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Aerial Lift Safety Checklist

Aerial Lift Safety Checklist

One of the top causes of injuries and fatalities on construction worksites in the U.S. is aerial lifts. They account for many falls, electrocutions, and crushed-by accidents every year, and must be operated with the utmost care and caution to prevent these unfortunate events. Safety protocols and practices have been developed to help aerial lift workers avoid hazards where they see them and to protect their lives on the job. From the pre-inspection prior to starting up the aerial lift to the tools and equipment to use to your actions during work, safety is always the most important factor and should be the guide. We’ve put together a comprehensive aerial lift safety checklist to help you stay safe on the job, remain compliant with OSHA standards, and prevent accidents. 

Pre-Start Inspection

Before you can begin work with the aerial lift, operators need to inspect the equipment to make sure there are no damaged or faulty parts that can cause an unsafe situation while working. The pre-start inspection covers each component of an aerial lift to ensure the safety of the machine and is completed before each work shift. The pre-start inspection is broken up into two main sections: the vehicle components and the lift components.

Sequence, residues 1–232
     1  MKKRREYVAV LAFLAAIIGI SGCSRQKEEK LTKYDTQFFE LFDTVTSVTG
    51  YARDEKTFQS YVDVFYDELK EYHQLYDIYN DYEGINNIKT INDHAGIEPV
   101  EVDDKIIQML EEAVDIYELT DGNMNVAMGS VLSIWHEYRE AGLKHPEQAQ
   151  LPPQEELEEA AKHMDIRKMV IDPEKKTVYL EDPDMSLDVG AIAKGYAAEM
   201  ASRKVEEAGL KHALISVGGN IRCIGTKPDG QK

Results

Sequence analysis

aerial lift safety checklist - pre-start guide

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Vehicle Components:

  • – Proper fluid levels, including the oil, hydraulic, fuel, and coolant
  • – Any fluid leaks
  • – Wheels and tires
  • – Battery and charger
  • – Lower-level controls
  • – Warning devices including the horns, gauges, lights, and backup alarms
  • – Steering and brakes

 

Lift Components:

  • – Operating and emergency controls